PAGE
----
An intraventricular haemorrhage is a bleed in the brain. Premature babies are particularly at risk of this condition.
What is an intraventricular haemorrhage?
A haemorrhage means a bleed - that is blood leaking out of blood vessels into the area surrounding the blood vessel. An intraventricular haemorrhage (IVH) is a bleed into the brain. Specifically, a bleed into fluid-filled spaces in the brain, called ventricles.
This leaflet is specifically about intraventricular haemorrhage in newborn babies.
There is a high risk of IVH in babies who were born very early (premature babies).
Why are premature babies at risk of intraventricular haemorrhage?
In premature babies, the brain is still developing. The new blood vessels near the ventricles of the brain are very fragile. They can tear very easily, allowing blood to leak out and into the ventricles. Other medical conditions and fluctuations in the blood flow to the brain can make bleeding more likely.
Which babies are most at risk?
IVH is common in very premature babies and rare in babies who were not born early (babies born at term). The earlier the baby is born, the higher the risk of IVH. Also the lower the birth weight, the more the risk of IVH. About one in four babies weighing less than 1500 g develop IVH.
Other problems can put a premature baby more at risk of developing IVH. Other medical problems affecting the steadiness of the blood flow to the brain can increase the risk. For example, breathing problems, infections, low oxygen levels, heart conditions, etc. All these conditions in themselves are more likely in premature babies, which all adds to the reasons for IVH occurring in this group of babies.
Babies born at term have IVH much less commonly. It is usually due to complicated difficult deliveries, or due to underlying medical problems (such as abnormal bleeding tendencies).
What are the signs of intraventricular haemorrhage?
It depends on how big a bleed there has been. Small bleeds may not cause much harm and so there may not be any signs or symptoms. Larger bleeds will have more impact and may be more apparent. Bleeds are classified as Grades 1 to 4, depending on how much of the brain tissue is affected. Grade 1 is the mildest bleed, with Grade 4 being the most severe. These larger, more severe bleeds are more likely to cause long-term problems.
Possible signs of IVH include:
- Being more floppy.
- Being less alert.
- Fits (seizures).
- Swelling around the soft spots on the head (fontanelles).
- Breathing less regularly.
- Feeding less well.
- Change in colour (becoming more pale or developing a bluish colour).
IVH in most cases occurs within the first few days after the baby is born.
What tests are needed?
IVH is usually diagnosed with an ultrasound scan. This is the type of scan you have when you are pregnant, but in this case the probe is placed over the soft spots (fontanelles) of the baby's head. The scan is painless and uses sound waves. It can be performed in the neonatal intensive care unit.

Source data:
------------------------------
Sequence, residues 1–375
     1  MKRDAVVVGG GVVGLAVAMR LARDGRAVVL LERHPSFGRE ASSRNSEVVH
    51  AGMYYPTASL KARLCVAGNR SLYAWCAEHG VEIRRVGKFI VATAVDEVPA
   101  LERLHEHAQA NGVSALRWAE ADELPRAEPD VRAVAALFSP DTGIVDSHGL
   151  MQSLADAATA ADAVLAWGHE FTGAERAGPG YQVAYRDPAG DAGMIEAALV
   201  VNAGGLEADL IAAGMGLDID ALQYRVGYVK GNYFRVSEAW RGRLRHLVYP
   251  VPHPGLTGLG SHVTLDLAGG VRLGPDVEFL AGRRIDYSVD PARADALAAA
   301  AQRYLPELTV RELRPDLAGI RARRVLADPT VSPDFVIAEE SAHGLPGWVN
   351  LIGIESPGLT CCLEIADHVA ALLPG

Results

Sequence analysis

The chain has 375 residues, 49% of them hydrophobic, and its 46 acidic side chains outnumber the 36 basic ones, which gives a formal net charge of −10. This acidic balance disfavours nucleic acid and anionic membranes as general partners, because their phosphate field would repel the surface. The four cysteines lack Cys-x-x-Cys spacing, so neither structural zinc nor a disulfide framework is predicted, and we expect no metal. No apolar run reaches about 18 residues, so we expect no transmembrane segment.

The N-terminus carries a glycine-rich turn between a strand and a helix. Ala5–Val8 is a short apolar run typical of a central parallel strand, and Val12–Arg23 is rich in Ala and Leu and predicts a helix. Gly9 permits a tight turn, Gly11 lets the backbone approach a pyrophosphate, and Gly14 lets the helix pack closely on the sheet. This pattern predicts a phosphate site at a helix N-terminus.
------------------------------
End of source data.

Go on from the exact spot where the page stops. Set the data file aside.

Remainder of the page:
What is the treatment for intraventricular haemorrhage?
There is no specific treatment. Your baby will be monitored to check the area of bleeding is gradually getting smaller. Think of it like a bruise inside the brain - much like any other bruise the body gradually re-absorbs the blood and the swelling gradually settles down. Your baby will be monitored for any damage which might have been caused by this pressure on the brain.
Some babies develop an accumulation of fluid in the brain, causing an increased pressure in the brain - this is called hydrocephalus. Premature babies are monitored so that this is picked up early if it is happening. This is done by measuring the size of their heads and by regular ultrasound scans. Sometimes this needs treating by placing a shunt (drain) in the brain to help clear the extra fluid. This involves an operation.
What is the outlook?
For lower-grade haemorrhages, the outlook (prognosis) is good. Long-term damage is unlikely. However, for babies who have had Grade 3 or Grade 4 IVH, there is a risk that damage to the brain will have longer-term consequences. More than half of these babies have brain problems as a result of the IVH. The type of problems the baby may have in future include:
- Cerebral palsy.
- Learning difficulties.
- Delays in development.
- Problems with eyesight or hearing.
Can intraventricular haemorrhage be prevented?
Lots of research has been done and is being done to look at ways of preventing IVH. The most important factor is babies being born prematurely, but of course it is often not possible to prevent this. Giving steroid medicines to women in premature labour seems to help in preventing some cases of IVH.
Further reading and references
Szpecht D, Nowak I, Kwiatkowska P, et al; Intraventricular hemorrhage in neonates born from 23 to 26 weeks of gestation: Retrospective analysis of risk factors. Adv Clin Exp Med. 2017 Jan-Feb26(1):89-94.
Ballabh P; Pathogenesis and prevention of intraventricular hemorrhage. Clin Perinatol. 2014 Mar41(1):47-67. doi: 10.1016/j.clp.2013.09.007. Epub 2013 Dec 12.
Szpecht D, Frydryszak D, Miszczyk N, et al; The incidence of severe intraventricular hemorrhage based on retrospective analysis of 35939 full-term newborns-report of two cases and review of literature. Childs Nerv Syst. 2016 Dec32(12):2447-2451. doi: 10.1007/s00381-016-3164-5. Epub 2016 Jul 8.